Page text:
Have you ever wondered what a $5.1 million barn looks like? Horse Nation is here to give you the grand tour of Sequoyah Farms.
At first glance, Sequoyah Farms seems incredibly glamorous: horses that cost more than sportscars, wreaths of blue satin ribbons, a stable more luxurious than most people’s homes. But the Watkins family seems to understand that at the end of the day, it’s still just a barn.
For being such well-heeled horsepeople, Greg and Kim Watkins are refreshingly down-to-earth and hard-working. Even though the day is just beginning, Greg Watkins’ face is already glistening with sweat. There are horses to be groomed and exercised, stalls to be cleaned, and plans to be made. It’s a big job, even for the staff of seven that assist Greg and his wife Kim in keeping the Andersonville, Tenn., farm and its enterprise, GK Performance Horses, up and running.
The days are long and the mornings come early thanks to the home’s built-in alarm clock system—a stable full of horses clamoring for their breakfast at 8 a.m. sharp.
Greg, Kim and their five children never intended to live in a barn. The upstairs apartment they now call home was originally designated for the barn manager, with a main house to be built elsewhere on the property. But things began to take on a life of their own during construction, which began in 2006.
Piece by piece, the “groom’s quarters” evolved into a stately living space illuminated by oversize windows and punctuated by rustic yet elegant furnishings. Chocolate browns mingle with minty blues and golden accents that lend the home a warm, comfortable glow.
The décor, masculine leather furniture with charming Appalachian accent pieces, makes it the perfect place for the Watkins to kick off their boots and relax after a long day in the barn below.
“When Greg does something,” wife Kim explains, “it tends to mushroom a bit. We wanted to build the barn first, and the next thing you know, we’re living in it.”
“It just kept getting bigger and more involved,” Greg recalls. “At some point, it was like, forget it, we’re going to live in the barn.”
Incidentally, the couple seem perfectly at home, both literally and figuratively, in their stables. They walk from stall to stall, occasionally ducking inside to rub a horse’s velvety nose.
Every four-legged inhabitant of Sequoyah Farms has a story to tell. There’s Ado Annie, a Grand Prix showjumper and World Cup qualifier that Kim describes as the “star of the barn.” There’s Utopia, a top Grand Prix horse that has ribboned in Nations Cup competitions around the world. In the stallion wing, there’s Cubito, a Holsteiner Verband champion the Watkins imported to become the cornerstone of their breeding program.
From competition horses to mares in foal, pint-sized ponies to statuesque steeds, the Watkins seem intimately familiar with each four-legged member of their family—their likes, dislikes, passions and quirks.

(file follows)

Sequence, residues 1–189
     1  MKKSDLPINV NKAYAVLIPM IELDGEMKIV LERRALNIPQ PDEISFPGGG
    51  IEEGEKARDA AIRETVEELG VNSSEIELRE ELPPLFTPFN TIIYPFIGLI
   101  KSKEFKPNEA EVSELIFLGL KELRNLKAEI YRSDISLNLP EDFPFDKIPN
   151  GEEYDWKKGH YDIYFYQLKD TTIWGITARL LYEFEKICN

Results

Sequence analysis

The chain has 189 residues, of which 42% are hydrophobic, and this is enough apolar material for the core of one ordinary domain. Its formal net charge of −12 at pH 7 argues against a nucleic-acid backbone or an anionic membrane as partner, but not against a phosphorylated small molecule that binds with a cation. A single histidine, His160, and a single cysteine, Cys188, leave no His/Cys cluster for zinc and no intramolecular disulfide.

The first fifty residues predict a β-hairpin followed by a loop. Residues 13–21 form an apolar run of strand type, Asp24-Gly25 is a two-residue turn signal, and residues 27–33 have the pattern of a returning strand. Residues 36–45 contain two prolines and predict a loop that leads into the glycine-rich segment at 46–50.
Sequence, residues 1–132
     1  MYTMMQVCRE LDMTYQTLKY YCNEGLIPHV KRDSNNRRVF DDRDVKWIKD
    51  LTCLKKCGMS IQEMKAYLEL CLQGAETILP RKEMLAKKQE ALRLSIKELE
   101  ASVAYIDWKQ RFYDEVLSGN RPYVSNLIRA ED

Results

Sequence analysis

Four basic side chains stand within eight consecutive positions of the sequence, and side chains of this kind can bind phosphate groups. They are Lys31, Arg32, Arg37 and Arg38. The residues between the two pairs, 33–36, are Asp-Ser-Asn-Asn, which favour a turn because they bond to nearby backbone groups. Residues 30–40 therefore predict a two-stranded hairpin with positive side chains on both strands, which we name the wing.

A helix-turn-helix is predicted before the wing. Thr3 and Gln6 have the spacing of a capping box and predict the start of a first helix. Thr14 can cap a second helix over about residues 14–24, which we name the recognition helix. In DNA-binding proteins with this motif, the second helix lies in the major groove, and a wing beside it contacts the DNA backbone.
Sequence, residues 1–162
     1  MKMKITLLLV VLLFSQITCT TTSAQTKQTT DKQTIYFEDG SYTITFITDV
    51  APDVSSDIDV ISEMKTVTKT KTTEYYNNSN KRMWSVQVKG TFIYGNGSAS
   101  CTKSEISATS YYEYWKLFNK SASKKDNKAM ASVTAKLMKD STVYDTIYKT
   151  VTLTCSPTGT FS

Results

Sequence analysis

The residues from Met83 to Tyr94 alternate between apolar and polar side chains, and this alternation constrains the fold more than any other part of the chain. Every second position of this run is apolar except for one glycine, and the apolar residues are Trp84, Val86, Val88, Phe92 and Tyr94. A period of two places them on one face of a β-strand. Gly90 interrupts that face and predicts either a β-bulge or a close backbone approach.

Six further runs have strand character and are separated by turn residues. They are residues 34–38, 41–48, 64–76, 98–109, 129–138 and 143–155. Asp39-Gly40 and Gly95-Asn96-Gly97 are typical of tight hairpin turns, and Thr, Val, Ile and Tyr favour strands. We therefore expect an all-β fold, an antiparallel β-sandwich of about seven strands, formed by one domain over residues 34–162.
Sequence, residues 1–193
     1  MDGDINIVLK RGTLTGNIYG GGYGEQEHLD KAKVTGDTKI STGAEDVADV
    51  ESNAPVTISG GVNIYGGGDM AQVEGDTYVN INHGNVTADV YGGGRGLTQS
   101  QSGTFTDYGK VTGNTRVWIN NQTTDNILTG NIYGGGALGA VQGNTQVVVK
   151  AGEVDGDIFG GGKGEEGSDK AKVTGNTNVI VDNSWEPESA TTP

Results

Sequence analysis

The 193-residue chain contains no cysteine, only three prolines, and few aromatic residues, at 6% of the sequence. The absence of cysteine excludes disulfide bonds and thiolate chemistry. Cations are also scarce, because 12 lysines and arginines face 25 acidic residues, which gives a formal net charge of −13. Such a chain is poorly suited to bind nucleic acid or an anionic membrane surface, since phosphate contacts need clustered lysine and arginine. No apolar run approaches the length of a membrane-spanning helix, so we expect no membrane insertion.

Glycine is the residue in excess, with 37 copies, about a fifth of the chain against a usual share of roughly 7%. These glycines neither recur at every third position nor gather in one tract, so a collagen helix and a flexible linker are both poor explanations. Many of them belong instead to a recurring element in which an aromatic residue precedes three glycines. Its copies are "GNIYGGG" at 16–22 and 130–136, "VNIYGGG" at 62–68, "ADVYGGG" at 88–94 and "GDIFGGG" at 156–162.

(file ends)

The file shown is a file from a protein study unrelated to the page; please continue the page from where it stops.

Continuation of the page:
Outside the facility, an imposing structure constructed of stone and massive wooden beams, moss-green hills ripple out into the distance. Nestled into the mountains of East Tennessee, Sequoyah Farms feels like a tranquil retreat from the world.
The farm’s 130 acres are crisscrossed with black four-board fencing; in the springtime, they’re dotted with new mothers and their spindly-legged foals. “We love all of it but have really gotten into the breeding side of things,” says Kim.
The stable’s foaling wing is equipped with live video monitors linked to their apartment upstairs so they can sneak downstairs and watch the birth. Additionally, the barn includes a collections room and lab. The ultimate goal, Kim says, is to produce sporthorses capable of holding their own in national and international competition.
The Watkins watch a young rider canter Connery, a big gray show-jumper, over a course of brightly-painted fences in their indoor ring. It’s clear that these horses are athletes, specially bred and painstakingly trained to make such great physical feats appear effortless.
Not unlike the horses, Sequoyah Farms’ accomplishments are the result of a carefully balanced combination of planning and passion.
“It’s been a real learning curve,” says Greg, and he seems to understand that their trial-by-fire is far from over. Building a world-class equestrian facility is an endeavor that takes years to complete, and the physical construction is only a part of it.
Success in the horse-show business is a team effort, a collaboration between the many players—owners, riders, grooms, vets, and blacksmiths, to name a few—that help bring a horse’s talents to fruition. Luckily, the Watkins aren’t afraid of a little hard work.
“It’s a crazy life,” Kim says with a laugh, “but we love it.”
Originally published on Horse Nation February 1, 2012.
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